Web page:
When creating the datacenter of tomorrow, sometimes dubbed datacenter 2.0 or even 3.0 (depending on who you ask), we look to certain virtualization technologies to get us there. We focus on server virtualization as the giant of this industry, but we also look to application, storage, and even desktop virtualization to help us carve out and shape this thing. An area that hasn't received a lot of attention is network I/O virtualization.
To find out more about this, I spoke with Rolf Neugebauer, a software engineer who works on virtualization support for Netronome's line of Intelligent Network Processors. Prior to joining Netronome, Rolf worked at Microsoft and Intel Research. While at Intel, he was one of the initial researchers developing the Xen hypervisor in collaboration with academics at Cambridge University. If anyone had the hands-on experience needed to explain this side of the industry, Rolf seemed like the logical choice.
InfoWorld: Can you explain why there is a need for network I/O virtualization and why you think enterprises should care about the technology?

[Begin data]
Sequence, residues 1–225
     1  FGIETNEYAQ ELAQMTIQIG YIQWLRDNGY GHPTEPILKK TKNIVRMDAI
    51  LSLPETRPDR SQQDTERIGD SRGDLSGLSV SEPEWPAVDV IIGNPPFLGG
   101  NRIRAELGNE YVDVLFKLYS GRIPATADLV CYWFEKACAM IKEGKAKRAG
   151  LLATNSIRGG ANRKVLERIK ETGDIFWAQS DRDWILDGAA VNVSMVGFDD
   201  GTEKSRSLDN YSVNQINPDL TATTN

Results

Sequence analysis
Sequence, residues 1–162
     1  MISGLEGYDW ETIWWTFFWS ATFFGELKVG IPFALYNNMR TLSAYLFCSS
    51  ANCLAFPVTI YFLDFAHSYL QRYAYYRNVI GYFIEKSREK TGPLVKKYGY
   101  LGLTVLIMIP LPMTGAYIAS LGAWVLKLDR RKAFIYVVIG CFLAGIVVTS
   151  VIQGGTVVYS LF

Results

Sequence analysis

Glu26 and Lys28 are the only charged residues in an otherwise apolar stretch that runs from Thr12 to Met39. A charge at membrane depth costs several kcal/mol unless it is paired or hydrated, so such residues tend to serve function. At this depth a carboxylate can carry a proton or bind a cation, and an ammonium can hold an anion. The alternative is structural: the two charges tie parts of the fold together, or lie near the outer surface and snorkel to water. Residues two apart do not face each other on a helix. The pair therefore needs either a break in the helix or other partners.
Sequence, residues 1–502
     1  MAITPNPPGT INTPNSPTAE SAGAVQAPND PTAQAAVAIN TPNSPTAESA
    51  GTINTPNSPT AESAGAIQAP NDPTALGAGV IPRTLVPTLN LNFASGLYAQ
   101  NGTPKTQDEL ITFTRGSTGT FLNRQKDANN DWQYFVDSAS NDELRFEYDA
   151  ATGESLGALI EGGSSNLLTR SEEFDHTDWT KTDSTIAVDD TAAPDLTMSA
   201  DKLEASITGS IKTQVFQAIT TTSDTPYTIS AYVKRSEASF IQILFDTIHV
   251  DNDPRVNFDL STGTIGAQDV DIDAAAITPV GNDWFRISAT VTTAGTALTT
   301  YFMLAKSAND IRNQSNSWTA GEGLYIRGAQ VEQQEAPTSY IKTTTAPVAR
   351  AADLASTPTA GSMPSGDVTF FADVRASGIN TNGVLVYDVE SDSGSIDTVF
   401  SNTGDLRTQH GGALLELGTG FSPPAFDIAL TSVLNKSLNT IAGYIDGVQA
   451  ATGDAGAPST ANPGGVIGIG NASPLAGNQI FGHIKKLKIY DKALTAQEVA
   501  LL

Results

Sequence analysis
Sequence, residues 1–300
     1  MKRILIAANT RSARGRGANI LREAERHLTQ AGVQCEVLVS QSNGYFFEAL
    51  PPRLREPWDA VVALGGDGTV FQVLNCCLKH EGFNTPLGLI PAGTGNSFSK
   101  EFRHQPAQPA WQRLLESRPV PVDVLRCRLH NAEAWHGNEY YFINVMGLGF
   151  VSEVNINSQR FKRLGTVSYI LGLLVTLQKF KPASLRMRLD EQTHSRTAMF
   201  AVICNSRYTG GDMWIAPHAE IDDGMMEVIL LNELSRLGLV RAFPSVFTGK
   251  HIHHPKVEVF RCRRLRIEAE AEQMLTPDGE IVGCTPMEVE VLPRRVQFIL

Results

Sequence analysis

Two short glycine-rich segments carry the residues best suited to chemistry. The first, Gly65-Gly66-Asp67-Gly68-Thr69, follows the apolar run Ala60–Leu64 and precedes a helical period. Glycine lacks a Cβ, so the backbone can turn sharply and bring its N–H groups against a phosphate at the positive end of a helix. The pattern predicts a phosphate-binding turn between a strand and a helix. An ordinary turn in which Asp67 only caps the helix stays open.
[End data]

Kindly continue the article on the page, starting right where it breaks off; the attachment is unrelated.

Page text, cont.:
Rolf Neugebauer: As companies grow their IT infrastructure also grows, leading to an increase in the number of stand-alone servers, storage devices, and applications. Unmanaged, this growth can lead to enormous inefficiency, higher expense, availability issues, and systems management headaches that negatively impact the company's core business. To address these challenges, organizations are implementing a variety of virtualization solutions for servers, storage, applications, and client environments. These virtualization solutions can deliver real business value through practical benefits, such as decreased IT costs and business risks; increased efficiency, utilization, and flexibility; streamlined management; and enhanced business resilience and agility.
With rising network traffic and the need for application awareness, content inspection, and security processing, the amount of network I/O processing increases exponentially. This increase in network processing, coupled with the need for virtualization, places a huge burden on the network I/O subsystem; [it's] an increasing challenge in the datacenter which negatively impacts overall system performance.
InfoWorld: How then does intelligent network I/O virtualization help?